• Betzy Nichols
    January 1, 1970
    Ok readNot completely accurate. I live in Malone and from your descriptions of days 20-22 sweat couldn't have done what did and ended up on Finney Road, Burke. Not a bad recount but doesn't come close to the emotions of that time
  • Kenny Payne
    January 1, 1970
    This a pretty cool story but could of have been much better by someone else.
  • Anita
    January 1, 1970
    I really enjoyed reading this book. It kept you interested throughout the entire book.
  • Mary Jo Lazzaro
    January 1, 1970
    Couldn't stop reading!Superb writing and research on this true event.If you enjoy reading about true crime, this book is worth the read.
  • Ed
    January 1, 1970
    Poorly executed.
  • Shawna
    January 1, 1970
    Definitely well researched and thorough. Wish I'd read it before seeing the movie since I already knew most of the story.
  • Nick Joyce
    January 1, 1970
    Fantastic read, a complete page turner.
  • Kathleen Nalley
    January 1, 1970
    A reporter writes the story of the Clinton Correctional Facility known as Dannemora in New York State.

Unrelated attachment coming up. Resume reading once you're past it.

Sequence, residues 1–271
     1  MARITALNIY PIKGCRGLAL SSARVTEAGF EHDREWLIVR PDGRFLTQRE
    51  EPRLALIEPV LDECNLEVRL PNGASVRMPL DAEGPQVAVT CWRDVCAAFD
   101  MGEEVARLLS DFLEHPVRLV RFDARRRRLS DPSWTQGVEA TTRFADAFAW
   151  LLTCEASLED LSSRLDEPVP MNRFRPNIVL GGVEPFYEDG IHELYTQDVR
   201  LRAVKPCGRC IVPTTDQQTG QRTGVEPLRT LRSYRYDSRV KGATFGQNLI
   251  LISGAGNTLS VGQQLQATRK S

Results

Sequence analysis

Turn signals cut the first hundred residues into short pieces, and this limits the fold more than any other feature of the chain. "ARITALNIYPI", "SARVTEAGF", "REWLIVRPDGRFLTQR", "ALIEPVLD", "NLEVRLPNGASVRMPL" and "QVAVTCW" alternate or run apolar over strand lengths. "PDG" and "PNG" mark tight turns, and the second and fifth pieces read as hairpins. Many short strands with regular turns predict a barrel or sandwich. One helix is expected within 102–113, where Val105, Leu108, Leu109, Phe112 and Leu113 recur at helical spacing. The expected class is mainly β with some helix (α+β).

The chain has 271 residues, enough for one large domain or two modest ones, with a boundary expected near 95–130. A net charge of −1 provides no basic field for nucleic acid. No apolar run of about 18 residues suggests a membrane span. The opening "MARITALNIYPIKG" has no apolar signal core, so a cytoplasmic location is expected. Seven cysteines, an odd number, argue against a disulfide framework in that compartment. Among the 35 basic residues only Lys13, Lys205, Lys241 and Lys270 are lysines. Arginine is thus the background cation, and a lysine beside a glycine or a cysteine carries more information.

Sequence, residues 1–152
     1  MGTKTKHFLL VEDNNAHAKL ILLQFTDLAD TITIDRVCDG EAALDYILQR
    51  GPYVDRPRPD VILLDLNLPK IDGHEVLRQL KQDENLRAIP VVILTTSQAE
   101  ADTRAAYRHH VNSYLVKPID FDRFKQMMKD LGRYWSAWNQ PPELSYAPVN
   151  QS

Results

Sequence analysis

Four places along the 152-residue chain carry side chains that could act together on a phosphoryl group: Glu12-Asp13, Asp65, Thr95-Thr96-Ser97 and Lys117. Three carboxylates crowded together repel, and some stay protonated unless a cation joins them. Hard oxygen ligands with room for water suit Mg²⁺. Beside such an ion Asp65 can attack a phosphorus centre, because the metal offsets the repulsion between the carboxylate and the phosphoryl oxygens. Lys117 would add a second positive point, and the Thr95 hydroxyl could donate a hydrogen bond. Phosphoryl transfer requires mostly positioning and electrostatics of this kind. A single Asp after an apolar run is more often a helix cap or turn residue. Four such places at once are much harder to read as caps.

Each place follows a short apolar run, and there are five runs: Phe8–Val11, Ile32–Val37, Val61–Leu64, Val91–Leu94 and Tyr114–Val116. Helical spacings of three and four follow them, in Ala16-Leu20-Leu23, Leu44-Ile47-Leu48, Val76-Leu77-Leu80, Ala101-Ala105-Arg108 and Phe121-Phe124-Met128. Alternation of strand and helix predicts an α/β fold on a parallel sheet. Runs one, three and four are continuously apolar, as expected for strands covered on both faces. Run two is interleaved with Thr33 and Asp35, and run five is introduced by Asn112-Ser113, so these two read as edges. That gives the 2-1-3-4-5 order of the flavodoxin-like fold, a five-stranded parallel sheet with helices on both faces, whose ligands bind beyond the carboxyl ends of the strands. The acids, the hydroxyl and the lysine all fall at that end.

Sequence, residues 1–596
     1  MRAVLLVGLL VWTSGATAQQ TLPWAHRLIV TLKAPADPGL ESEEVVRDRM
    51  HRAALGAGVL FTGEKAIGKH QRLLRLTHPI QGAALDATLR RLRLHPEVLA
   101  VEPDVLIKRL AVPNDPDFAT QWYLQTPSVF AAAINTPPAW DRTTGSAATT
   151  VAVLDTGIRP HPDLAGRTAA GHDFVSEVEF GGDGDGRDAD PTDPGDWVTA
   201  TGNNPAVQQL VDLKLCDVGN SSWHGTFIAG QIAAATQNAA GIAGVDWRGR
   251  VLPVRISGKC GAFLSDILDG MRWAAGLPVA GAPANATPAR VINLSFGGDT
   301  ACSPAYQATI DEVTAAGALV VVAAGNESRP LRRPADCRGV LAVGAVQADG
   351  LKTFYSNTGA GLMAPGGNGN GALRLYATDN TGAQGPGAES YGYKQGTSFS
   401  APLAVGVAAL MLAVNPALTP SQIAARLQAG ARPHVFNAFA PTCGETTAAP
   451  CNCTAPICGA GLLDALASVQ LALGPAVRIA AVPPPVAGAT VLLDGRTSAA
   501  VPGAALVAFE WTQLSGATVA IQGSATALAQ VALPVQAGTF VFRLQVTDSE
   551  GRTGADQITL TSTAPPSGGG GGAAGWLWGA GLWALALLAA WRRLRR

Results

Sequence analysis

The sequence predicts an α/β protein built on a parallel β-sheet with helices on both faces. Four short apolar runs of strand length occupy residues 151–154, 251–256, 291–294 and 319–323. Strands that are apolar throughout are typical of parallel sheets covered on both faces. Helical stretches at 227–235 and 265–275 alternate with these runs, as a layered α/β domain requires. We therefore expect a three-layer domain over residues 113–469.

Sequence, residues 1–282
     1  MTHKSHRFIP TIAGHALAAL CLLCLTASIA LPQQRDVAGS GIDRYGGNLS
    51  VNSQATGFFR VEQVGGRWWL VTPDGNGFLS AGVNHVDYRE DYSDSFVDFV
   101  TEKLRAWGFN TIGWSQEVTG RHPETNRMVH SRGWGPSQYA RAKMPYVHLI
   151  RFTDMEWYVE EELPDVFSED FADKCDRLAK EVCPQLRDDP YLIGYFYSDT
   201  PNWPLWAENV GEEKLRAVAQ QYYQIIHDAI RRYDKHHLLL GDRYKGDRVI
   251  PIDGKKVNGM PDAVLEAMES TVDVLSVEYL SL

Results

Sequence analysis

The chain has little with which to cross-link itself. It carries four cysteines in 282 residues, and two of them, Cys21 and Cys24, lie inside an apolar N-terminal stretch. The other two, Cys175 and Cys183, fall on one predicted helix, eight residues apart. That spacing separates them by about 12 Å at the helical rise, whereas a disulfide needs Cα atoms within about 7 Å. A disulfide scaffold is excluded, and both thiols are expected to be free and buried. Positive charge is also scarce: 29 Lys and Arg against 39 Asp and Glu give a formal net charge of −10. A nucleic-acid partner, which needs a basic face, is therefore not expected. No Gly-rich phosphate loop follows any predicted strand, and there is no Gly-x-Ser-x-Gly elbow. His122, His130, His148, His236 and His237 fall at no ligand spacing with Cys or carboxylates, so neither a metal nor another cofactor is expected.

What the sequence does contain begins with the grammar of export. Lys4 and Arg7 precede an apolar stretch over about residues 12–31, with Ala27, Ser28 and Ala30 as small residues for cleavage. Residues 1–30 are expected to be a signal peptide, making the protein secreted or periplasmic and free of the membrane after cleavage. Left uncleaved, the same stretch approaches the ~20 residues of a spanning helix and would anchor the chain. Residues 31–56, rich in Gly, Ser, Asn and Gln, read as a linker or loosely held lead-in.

• Tate
    January 1, 1970
    I absolutely loved it! I had never heard about this escape and now I cannot get enough of it. I was so entranced throughout the book and couldn't put it down or atop thinking about it. what an amazing read. Very interesting and well written.
  • Jim Tracy
    January 1, 1970
    This was a real page turner. Read it in two days. A lot of insight that I had not heard before. Highly recommend.
  • Paul
    January 1, 1970
    The pacing and organization of the book is well thought out. Marcius quickly sets up the the men's escape, and then their time as fugitives is woven with telling background information. I would recommend this book to anyone interested in true crime and our nation's prison system.Full review on my blog here: https://paulspicks.blog/2018/03/05/wi...Link to my site: https://paulspicks.blogPlease check it out!
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  • Lisabeth
    January 1, 1970
    Thanks to Netgalley, the publisher. and the author for allowing me to read and review a digital copy of this book. I would recommend this book to anyone interested in true crime and our nation's prison system.
  • Sharon May
    January 1, 1970